This paper presents an overview of a program designed to address the growing need for developing freely available speech resources for under-represented languages. At present we have released 38 datasets for building text-to-speech and automatic speech recognition applications for languages and dialects of South and Southeast Asia, Africa, Europe and South America. The paper describes the methodology used for developing such corpora and presents some of our findings that could benefit under-represented language communities.
This extended abstract surveying the work on phonological typology was prepared for "SIGTYP 2020: The Second Workshop on Computational Research in Linguistic Typology" to be held at EMNLP 2020.
The use of linguistic typological resources in natural language processing has been steadily gaining more popularity. It has been observed that the use of typological information, often combined with distributed language representations, leads to significantly more powerful models. While linguistic typology representations from various resources have mostly been used for conditioning the models, there has been relatively little attention on predicting features from these resources from the input data. In this paper we investigate whether the various linguistic features from World Atlas of Language Structures (WALS) can be reliably inferred from multi-lingual text. Such a predictor can be used to infer structural features for a language never observed in training data. We frame this task as a multi-label classification involving predicting the set of non-mutually exclusive and extremely sparse multi-valued labels (WALS features). We construct a recurrent neural network predictor based on byte embeddings and convolutional layers and test its performance on 556 languages, providing analysis for various linguistic types, macro-areas, language families and individual features. We show that some features from various linguistic types can be predicted reliably.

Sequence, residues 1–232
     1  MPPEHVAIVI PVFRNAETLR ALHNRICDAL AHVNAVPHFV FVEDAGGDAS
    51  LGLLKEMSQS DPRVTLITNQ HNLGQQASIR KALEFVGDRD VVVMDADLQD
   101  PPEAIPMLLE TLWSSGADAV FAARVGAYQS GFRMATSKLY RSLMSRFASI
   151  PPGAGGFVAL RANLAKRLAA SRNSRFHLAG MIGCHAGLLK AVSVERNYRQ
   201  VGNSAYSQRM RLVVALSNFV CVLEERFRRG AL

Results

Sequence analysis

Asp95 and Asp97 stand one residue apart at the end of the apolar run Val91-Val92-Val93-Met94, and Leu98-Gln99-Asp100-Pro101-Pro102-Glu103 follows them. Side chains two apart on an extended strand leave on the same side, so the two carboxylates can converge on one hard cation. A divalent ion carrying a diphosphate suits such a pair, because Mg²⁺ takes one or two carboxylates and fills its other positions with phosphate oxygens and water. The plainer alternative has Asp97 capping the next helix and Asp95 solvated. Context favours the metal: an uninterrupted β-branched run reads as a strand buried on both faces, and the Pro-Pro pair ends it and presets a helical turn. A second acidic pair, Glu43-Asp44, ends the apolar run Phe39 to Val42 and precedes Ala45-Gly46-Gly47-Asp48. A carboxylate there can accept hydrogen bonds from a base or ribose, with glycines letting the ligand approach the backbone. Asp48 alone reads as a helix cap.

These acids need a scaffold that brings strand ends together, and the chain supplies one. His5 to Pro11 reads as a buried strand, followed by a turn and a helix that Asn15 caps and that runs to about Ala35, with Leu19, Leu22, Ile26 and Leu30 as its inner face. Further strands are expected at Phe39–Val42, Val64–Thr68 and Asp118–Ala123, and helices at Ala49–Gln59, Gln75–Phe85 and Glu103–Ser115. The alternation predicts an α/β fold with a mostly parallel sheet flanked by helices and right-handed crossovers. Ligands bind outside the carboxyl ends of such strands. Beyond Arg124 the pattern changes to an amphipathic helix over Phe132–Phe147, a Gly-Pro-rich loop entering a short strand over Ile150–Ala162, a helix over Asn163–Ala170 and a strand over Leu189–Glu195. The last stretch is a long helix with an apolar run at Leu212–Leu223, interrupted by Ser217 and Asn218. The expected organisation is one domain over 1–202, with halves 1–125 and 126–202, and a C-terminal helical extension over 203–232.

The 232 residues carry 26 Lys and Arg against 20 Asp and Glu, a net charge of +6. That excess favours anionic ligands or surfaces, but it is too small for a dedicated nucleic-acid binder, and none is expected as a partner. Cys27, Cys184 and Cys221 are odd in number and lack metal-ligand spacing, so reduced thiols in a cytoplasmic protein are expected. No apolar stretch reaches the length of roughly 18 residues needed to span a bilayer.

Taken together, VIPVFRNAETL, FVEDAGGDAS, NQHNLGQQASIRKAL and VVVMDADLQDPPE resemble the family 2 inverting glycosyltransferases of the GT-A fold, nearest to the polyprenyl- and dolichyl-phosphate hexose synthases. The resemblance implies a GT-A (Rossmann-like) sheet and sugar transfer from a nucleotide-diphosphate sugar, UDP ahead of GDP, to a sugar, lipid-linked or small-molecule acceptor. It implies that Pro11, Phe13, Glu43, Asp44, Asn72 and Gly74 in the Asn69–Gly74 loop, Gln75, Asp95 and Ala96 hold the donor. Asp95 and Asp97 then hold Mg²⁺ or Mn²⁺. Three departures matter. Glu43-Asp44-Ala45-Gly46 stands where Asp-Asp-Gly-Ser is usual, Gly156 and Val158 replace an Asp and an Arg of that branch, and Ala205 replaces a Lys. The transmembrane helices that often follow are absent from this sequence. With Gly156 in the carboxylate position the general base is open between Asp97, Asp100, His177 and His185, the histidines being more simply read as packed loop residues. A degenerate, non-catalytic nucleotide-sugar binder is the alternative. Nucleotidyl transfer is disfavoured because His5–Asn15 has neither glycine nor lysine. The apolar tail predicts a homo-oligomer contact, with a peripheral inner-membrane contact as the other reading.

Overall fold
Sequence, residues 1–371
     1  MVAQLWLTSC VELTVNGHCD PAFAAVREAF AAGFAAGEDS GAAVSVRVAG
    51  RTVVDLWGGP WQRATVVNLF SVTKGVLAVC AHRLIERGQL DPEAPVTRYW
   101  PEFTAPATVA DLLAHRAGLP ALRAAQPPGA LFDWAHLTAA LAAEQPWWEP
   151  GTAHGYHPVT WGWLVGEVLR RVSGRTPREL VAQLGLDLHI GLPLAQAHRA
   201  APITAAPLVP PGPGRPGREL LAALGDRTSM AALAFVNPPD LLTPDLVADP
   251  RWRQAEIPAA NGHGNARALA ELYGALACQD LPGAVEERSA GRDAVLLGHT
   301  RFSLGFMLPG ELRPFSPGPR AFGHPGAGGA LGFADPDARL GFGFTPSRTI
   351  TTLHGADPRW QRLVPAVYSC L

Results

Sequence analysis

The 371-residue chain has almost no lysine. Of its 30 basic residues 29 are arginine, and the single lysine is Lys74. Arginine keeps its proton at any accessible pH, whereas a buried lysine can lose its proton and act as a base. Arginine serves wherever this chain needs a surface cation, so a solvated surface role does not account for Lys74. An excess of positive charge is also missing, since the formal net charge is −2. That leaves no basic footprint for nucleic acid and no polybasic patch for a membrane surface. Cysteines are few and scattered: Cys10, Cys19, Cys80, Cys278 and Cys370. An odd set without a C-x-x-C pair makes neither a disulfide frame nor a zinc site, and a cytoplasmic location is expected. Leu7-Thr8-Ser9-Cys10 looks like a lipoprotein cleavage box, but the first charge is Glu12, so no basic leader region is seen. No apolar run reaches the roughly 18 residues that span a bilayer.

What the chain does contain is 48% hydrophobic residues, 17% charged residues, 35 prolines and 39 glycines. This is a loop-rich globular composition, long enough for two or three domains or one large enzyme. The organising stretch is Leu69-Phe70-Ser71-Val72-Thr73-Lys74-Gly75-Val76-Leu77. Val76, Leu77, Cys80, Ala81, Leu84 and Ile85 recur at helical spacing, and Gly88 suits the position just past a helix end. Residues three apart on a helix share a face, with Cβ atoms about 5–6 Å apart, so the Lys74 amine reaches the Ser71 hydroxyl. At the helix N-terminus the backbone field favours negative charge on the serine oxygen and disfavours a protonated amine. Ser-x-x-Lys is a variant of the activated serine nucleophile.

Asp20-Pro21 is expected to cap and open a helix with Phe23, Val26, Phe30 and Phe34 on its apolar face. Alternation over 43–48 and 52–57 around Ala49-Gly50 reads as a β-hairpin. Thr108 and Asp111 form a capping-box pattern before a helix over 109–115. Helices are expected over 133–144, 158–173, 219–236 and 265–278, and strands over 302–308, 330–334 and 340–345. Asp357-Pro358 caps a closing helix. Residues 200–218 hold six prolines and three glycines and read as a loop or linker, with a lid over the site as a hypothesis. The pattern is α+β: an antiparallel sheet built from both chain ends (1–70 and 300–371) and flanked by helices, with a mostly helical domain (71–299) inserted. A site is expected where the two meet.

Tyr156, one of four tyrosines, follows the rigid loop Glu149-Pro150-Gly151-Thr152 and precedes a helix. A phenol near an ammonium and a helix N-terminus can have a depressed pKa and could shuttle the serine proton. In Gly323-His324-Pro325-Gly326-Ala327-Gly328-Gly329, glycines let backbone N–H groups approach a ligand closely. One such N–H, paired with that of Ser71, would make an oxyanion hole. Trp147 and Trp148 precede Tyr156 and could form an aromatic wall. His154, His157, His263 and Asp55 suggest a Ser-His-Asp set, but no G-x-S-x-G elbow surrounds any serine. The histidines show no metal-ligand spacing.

Stochastic finite automata arise naturally in many language and speech processing tasks. They include stochastic acceptors, which represent certain probability distributions over random strings. We consider the problem of efficient sampling: drawing random string variates from the probability distribution represented by stochastic automata and transformations of those. We show that path-sampling is effective and can be efficient if the epsilon-graph of a finite automaton is acyclic. We provide an algorithm that ensures this by conflating epsilon-cycles within strongly connected components. Sampling is also effective in the presence of non-injective transformations of strings. We illustrate this in the context of decoding for Connectionist Temporal Classification (CTC), where the predictive probabilities yield auxiliary sequences which are transformed into shorter labeling strings. We can sample efficiently from the transformed labeling distribution and use this in two different strategies for finding the most probable CTC labeling.